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DNR Sets Emergency Rules For ‘Noodling,’ Bowfishing For Catfish

Law Allowing Bowfishing, Hand-fishing Went Into Effect In 2017 Though No Regulations Set Until Now

35-pound catfish pulled out of water
Area fishermen took advantage of the high water in the Pearl River directly below the Ross Barnett Reservoir spillway in Brandon, Miss., to pull in some big fish including this 35-pound catfish Thursday, Sept. 8, 2011. Rogelio V. Solis/AP Photo

The Wisconsin Department of Natural Resources has enacted emergency rules to regulate fishing for catfish with bows, crossbows or by hand. Since spring of 2017, there were no regulations for the practice on the books.

In April 2017, state lawmakers passed a bill that allowed anglers to use bows and arrows, crossbows and their hands to catch catfish and rough fish, a category that includes carp. Hand-fishing, also known as noodling, is a practice popular in some Southern states where divers reach into holes in muddy banks in hopes that a catfish guarding its nest will bite, allowing the diver to pull the catfish to the surface.

While the 2017 law allowed the new methods for targeting catfish and rough fish, it directed the DNR to draw up regulations. Meredith Penthorn, DNR policy specialist for the bureau of fisheries, said until now, there were few if any regulations governing the practices.

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“For these new methods, we didn’t have bag limits, size limits, on certain waters there were size limits in place,” said Penthorn. “So they would have to abide by those. But otherwise we really didn’t have any specific regulations for these new methods.”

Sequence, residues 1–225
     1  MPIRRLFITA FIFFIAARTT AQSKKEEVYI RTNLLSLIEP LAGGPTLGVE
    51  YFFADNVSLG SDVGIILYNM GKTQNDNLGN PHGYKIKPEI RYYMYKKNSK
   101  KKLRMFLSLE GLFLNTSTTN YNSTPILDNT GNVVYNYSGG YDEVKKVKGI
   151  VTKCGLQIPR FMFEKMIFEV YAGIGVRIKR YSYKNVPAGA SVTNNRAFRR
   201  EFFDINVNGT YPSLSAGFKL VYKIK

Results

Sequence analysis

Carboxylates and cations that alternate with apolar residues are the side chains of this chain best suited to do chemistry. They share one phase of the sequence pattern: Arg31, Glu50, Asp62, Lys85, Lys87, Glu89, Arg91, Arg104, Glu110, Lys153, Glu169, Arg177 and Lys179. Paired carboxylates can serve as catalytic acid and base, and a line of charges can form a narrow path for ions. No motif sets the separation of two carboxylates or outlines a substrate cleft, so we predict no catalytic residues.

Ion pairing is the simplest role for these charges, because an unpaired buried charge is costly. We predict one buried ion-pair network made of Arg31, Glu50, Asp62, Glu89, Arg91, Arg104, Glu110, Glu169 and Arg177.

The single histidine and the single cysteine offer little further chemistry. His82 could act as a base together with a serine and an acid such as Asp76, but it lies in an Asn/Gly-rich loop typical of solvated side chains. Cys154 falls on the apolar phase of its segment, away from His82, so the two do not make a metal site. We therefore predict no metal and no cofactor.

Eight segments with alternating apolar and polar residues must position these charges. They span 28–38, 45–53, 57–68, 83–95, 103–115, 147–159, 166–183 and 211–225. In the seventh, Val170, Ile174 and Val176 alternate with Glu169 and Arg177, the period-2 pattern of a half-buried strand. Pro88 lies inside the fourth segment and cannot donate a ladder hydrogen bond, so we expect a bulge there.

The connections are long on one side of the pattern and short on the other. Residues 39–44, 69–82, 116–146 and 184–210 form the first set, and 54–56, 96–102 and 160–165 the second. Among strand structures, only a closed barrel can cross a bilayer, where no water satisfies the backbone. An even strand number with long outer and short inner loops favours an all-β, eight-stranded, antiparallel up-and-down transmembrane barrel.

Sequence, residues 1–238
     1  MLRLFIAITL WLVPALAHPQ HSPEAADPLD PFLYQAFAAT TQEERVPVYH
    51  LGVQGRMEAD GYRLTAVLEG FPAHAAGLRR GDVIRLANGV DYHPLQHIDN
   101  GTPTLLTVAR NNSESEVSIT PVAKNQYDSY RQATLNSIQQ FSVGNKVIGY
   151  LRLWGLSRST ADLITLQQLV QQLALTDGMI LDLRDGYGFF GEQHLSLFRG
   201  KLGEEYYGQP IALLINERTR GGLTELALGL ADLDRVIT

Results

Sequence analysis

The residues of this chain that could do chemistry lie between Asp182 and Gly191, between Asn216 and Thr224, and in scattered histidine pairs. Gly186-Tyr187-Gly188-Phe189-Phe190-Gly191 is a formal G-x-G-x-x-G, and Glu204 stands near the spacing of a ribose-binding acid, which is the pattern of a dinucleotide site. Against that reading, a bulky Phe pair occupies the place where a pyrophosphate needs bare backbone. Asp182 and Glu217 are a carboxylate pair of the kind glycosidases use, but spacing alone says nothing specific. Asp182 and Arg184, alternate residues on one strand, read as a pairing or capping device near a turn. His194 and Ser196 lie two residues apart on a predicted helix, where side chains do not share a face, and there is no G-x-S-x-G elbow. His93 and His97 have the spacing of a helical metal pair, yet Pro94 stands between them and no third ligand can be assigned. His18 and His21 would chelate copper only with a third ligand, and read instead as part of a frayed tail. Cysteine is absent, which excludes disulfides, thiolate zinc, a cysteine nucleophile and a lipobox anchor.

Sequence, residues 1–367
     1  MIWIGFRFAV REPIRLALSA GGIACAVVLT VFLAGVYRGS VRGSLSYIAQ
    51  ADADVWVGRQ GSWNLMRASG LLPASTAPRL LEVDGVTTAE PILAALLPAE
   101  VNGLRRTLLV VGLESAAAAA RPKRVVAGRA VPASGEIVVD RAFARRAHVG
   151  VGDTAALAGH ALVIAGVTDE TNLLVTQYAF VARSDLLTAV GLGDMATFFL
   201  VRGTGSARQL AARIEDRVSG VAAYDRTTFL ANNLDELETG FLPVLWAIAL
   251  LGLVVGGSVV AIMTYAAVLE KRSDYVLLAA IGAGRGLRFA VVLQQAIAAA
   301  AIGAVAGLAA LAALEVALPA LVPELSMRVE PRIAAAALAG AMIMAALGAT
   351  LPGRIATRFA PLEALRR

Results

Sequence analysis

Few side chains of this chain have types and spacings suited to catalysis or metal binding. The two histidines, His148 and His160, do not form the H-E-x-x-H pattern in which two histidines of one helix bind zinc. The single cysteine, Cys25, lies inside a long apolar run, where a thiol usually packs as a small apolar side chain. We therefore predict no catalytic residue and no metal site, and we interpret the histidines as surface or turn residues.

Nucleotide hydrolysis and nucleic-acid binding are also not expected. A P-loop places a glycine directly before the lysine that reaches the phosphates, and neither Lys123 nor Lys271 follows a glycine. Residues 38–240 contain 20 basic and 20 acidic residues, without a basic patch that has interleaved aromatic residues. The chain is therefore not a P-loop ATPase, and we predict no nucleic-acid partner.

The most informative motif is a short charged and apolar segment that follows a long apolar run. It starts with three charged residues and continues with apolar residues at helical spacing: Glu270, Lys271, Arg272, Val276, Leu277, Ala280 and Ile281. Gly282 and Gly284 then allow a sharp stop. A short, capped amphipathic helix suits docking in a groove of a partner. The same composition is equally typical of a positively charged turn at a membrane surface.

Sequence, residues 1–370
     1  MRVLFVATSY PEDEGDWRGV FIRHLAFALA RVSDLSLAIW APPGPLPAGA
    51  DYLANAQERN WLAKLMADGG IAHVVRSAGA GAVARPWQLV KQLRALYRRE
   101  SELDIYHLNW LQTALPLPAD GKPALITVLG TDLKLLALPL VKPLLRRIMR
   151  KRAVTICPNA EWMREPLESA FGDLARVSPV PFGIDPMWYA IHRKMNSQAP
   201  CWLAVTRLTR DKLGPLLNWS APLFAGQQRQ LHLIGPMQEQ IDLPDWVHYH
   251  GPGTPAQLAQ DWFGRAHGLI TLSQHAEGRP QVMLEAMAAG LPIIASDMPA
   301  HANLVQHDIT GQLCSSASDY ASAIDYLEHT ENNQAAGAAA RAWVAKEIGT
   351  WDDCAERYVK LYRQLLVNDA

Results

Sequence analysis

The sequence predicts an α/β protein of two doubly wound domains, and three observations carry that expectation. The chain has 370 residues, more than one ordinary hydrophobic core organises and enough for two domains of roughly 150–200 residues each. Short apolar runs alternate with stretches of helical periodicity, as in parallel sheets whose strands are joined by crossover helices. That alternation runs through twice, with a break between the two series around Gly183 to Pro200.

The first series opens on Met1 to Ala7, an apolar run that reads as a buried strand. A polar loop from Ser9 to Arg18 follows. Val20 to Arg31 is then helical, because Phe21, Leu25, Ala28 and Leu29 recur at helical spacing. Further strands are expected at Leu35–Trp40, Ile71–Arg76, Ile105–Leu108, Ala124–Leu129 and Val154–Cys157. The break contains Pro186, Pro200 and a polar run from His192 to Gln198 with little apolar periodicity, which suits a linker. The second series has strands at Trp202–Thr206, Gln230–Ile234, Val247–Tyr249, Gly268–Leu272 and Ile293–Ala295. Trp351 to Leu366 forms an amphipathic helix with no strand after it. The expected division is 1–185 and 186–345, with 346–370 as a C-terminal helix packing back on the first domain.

Penthorn said for catfish, in particular, a lack of a season structure put them at risk of being overharvested during winter months.

“They will congregate in large groups in certain locations. They tend to return to the same locations year after year,” said Penthorn. “So, when they’re in those large groups — without regulations — a diver could go in and take out more than would be responsible in order to conserve the catfish population in that area.”

Penthorn said the DNR has no way of knowing how many catfish were harvested with bows or by hand since the 2017 measure went into law. A group called the Wisconsin Bowfishing Association announced a state record this May when a fisherman caught a 21-pound channel catfish with a bow and arrow.

The DNR’s emergency rules creates a season for noodling for catfish that runs from June 1 through Aug. 31. It also sets a bowfishing season that runs concurrent with the rough fish bowfishing season, which runs continuously throughout the state except in Menomonie, Forest, Oneida, Vilas, Iron, Price, Ashland, Price, Sawyer and Bayfield counties. There is no size limit for catfish caught by hand or bow and arrow.

The emergency rules also set a daily bag limit of one flathead catfish or five channel catfish per day.

While the DNR’s emergency rule is temporary and cannot exceed 270 days, Penthorn said the DNR will soon draw up permanent rules.